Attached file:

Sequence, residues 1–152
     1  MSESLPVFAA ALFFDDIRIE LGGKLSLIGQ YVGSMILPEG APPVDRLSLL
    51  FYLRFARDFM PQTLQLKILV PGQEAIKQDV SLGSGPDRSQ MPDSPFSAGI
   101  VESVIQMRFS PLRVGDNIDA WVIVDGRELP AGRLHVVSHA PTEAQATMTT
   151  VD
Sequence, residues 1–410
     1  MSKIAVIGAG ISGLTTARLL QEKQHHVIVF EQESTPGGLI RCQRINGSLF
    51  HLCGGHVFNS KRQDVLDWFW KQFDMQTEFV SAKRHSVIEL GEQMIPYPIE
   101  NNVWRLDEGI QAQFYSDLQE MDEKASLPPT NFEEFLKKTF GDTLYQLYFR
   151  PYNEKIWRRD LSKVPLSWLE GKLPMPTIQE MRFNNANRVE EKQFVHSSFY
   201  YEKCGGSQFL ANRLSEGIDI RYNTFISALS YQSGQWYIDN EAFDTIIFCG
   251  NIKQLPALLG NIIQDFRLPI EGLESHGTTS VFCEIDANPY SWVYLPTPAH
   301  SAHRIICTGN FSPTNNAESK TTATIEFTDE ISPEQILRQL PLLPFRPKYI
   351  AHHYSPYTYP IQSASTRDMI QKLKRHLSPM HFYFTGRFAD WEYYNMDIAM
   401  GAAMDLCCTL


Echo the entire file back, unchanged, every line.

Sequence, residues 1–152
     1  MSESLPVFAA ALFFDDIRIE LGGKLSLIGQ YVGSMILPEG APPVDRLSLL
    51  FYLRFARDFM PQTLQLKILV PGQEAIKQDV SLGSGPDRSQ MPDSPFSAGI
   101  VESVIQMRFS PLRVGDNIDA WVIVDGRELP AGRLHVVSHA PTEAQATMTT
   151  VD
Sequence, residues 1–410
     1  MSKIAVIGAG ISGLTTARLL QEKQHHVIVF EQESTPGGLI RCQRINGSLF
    51  HLCGGHVFNS KRQDVLDWFW KQFDMQTEFV SAKRHSVIEL GEQMIPYPIE
   101  NNVWRLDEGI QAQFYSDLQE MDEKASLPPT NFEEFLKKTF GDTLYQLYFR
   151  PYNEKIWRRD LSKVPLSWLE GKLPMPTIQE MRFNNANRVE EKQFVHSSFY
   201  YEKCGGSQFL ANRLSEGIDI RYNTFISALS YQSGQWYIDN EAFDTIIFCG
   251  NIKQLPALLG NIIQDFRLPI EGLESHGTTS VFCEIDANPY SWVYLPTPAH
   301  SAHRIICTGN FSPTNNAESK TTATIEFTDE ISPEQILRQL PLLPFRPKYI
   351  AHHYSPYTYP IQSASTRDMI QKLKRHLSPM HFYFTGRFAD WEYYNMDIAM
   401  GAAMDLCCTL